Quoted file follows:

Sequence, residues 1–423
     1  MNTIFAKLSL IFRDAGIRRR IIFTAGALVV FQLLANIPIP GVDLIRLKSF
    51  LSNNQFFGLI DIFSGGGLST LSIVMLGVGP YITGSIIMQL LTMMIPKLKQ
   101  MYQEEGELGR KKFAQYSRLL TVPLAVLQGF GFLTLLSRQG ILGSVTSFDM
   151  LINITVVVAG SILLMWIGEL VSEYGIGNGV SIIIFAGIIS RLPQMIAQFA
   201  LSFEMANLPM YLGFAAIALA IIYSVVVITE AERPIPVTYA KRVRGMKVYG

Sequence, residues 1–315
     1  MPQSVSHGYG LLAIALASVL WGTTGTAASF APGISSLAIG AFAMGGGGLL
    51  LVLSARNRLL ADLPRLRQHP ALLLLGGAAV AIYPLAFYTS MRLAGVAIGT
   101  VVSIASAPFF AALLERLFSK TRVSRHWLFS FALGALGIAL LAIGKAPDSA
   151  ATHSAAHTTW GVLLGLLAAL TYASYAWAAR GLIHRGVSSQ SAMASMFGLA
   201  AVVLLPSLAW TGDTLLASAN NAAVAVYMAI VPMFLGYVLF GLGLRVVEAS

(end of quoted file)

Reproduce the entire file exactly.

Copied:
Sequence, residues 1–423
     1  MNTIFAKLSL IFRDAGIRRR IIFTAGALVV FQLLANIPIP GVDLIRLKSF
    51  LSNNQFFGLI DIFSGGGLST LSIVMLGVGP YITGSIIMQL LTMMIPKLKQ
   101  MYQEEGELGR KKFAQYSRLL TVPLAVLQGF GFLTLLSRQG ILGSVTSFDM
   151  LINITVVVAG SILLMWIGEL VSEYGIGNGV SIIIFAGIIS RLPQMIAQFA
   201  LSFEMANLPM YLGFAAIALA IIYSVVVITE AERPIPVTYA KRVRGMKVYG

Sequence, residues 1–315
     1  MPQSVSHGYG LLAIALASVL WGTTGTAASF APGISSLAIG AFAMGGGGLL
    51  LVLSARNRLL ADLPRLRQHP ALLLLGGAAV AIYPLAFYTS MRLAGVAIGT
   101  VVSIASAPFF AALLERLFSK TRVSRHWLFS FALGALGIAL LAIGKAPDSA
   151  ATHSAAHTTW GVLLGLLAAL TYASYAWAAR GLIHRGVSSQ SAMASMFGLA
   201  AVVLLPSLAW TGDTLLASAN NAAVAVYMAI VPMFLGYVLF GLGLRVVEAS